9. I'd make it so the lantern used in caves and grottoes is upgradable. Hell, I'd even force players to find or buy this accessory before they could comfortably probe Octopath Traveler's many dark and dank caverns. This starter lamp would be pretty dim, too, and the only way to make it brighter and more useful would be to replace it or upgrade it in some form or fashion.

10. I'd increase the game's wackiness quotient. Although Octopath Traveler occasionally shows it's got a nutty side (Olberic's ability to challenge nearly any NPC to a one-on-one duel is a prime example), it's usually a pretty staid experience. How would I make it a little zanier? By tossing in a couple of kooky, out-of-left-field bosses, for starters. I'd also add in some silly weapon classes--like the bells and harps that pop up in a number of Final Fantasy titles.

Would you alter Octopath Traveler in any particular ways if given the chance? If so, what changes would you make?

See also: 'ten things I adore about Octopath Traveler' and 'five more (kind of silly) things I adore about Octopath Traveler'

Sunday, August 05, 2018

BONUS ROUND: five more (kind of silly) things I adore about Octopath Traveler

If you follow me on Facebook or Twitter, you should be well aware of the fact that the bulk of my gaming time over the last month or so has been spent working my way through Octopath Traveler.

In fact, I've now devoted 55 or so hours to this much-ballyhooed Switch RPG, and I have a feeling I'll need to put at least 25 more into it before I wrap up all of its storylines.

It probably could go without saying that I'm thoroughly enjoying the experience, but I'm going to say it anyway. Actually, I already suggested it in my last post--about the "10 things I adore about Octopath Traveler."

So why am I belaboring the point today? To be honest, I thought I was done extolling Octopath Traveler's virtues when I published the write-up linked to above. A few additional virtues popped into my head this past week, though, and although my initial plan was to just stick them at the end of my earlier post, I figured they'd be overlooked.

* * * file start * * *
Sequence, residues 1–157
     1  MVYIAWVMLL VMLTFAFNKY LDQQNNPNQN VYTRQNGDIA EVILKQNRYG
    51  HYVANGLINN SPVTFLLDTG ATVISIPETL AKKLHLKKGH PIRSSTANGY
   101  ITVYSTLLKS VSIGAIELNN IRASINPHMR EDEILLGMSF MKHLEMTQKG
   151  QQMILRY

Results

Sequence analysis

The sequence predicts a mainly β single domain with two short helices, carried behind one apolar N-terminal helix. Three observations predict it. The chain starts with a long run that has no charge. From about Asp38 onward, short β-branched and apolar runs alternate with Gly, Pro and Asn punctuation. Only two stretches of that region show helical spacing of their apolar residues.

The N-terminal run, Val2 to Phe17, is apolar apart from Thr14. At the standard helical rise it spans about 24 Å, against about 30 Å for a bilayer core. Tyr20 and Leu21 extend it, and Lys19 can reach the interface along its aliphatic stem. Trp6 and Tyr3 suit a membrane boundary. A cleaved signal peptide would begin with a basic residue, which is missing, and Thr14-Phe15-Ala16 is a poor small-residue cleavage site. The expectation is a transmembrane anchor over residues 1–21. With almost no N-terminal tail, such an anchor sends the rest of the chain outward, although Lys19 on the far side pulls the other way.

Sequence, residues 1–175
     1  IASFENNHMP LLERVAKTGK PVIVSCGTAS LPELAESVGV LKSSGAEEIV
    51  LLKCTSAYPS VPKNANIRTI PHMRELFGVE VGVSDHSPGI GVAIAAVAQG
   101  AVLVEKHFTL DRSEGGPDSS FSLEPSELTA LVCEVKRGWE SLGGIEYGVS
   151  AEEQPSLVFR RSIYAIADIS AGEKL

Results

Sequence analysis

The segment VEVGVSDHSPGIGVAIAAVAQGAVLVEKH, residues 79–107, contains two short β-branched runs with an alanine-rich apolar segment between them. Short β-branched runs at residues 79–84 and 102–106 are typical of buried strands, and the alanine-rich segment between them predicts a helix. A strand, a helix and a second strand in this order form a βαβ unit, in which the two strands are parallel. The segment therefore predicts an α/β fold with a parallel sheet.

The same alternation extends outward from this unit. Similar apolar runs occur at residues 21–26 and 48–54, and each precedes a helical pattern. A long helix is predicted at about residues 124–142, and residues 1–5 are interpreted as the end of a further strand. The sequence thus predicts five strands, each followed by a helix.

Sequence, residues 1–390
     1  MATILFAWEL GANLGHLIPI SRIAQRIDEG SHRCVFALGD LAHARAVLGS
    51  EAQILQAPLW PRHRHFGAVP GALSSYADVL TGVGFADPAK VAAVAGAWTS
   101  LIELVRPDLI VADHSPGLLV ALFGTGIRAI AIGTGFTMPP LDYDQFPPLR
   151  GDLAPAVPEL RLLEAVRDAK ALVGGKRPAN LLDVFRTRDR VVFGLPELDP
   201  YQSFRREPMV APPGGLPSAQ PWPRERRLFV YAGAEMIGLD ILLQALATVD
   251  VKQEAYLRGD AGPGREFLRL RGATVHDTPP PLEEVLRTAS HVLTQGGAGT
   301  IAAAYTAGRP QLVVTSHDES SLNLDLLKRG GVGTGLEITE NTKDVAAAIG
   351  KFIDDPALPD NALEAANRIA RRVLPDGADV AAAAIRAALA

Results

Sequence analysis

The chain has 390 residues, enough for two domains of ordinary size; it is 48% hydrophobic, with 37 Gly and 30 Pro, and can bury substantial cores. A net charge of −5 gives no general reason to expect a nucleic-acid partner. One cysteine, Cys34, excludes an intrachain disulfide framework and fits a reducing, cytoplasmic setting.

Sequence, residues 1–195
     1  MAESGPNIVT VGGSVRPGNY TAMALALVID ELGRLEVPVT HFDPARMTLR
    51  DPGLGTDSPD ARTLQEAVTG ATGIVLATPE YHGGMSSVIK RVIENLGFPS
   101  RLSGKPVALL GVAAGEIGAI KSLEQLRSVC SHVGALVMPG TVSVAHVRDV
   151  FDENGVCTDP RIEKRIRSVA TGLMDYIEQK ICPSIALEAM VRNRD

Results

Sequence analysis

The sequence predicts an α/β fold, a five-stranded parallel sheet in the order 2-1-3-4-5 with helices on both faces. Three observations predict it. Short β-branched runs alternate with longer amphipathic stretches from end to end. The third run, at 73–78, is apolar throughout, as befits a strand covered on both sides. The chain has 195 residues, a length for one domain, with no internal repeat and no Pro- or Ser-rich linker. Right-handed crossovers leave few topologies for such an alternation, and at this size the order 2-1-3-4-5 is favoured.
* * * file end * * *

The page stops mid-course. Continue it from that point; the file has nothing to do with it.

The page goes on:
Plus, I like that the components highlighted below are sort of silly.

The lantern you carry while in caves and grottoes--No joke, this was one of the details that most stood out for me when I watched Octopath Traveler’s first trailer more than a year and a half ago. It's the type of thing that would've thrilled me as a youngster (yes, I've always been a little weird), and it still brings a smile to my face today--even if it doesn't impact the gameplay as much as I'd like.

The mansions that double as dungeons--Is Octopath Traveler the first turn-based RPG to stick dungeons within manors and other such dwellings? Even if it isn’t, I love how it’s handled here. I especially enjoy ducking into rooms to see what may be hiding inside. I wish they featured a few secret nooks and crannies here and there (like the caves and grottoes do), but maybe producers Masashi Takahashi and Tomoya Asano are saving such treasures for the inevitable sequel?

The return of the “Final Fantasy V laugh”--Something I've always loved about the fifth Final Fantasy game is how adorable its characters look when they laugh. Well, Octopath Traveler’s protagonists and NPCs use a shockingly similar animation while guffawing or chortling. I don't know if this is an intentional reference to one of my all-time favorite games or if it's just a coincidence, but I'm going to assume it's the former until proven otherwise.

The shimmer--No, I'm not talking about the "Shimmer" that serves as a major plot point in the Annihilation film. I'm talking about the way some of Octopath Traveler's elements shimmer and sparkle in the most captivating way as you walk on or by them. You'll mostly observe this while traipsing around the game's sandy and snowy environments, or while exploring some of the aforementioned caverns, but you'll also notice it (in and on homes and shops) while strolling through its villages and towns.

The sound of your party’s footsteps--They sound like horses clopping, especially when your crew's walking across dirt or stone, and for whatever reason I find it comforting.

Now that I've had my say (again), what are your favorite aspects of Octopath Traveler?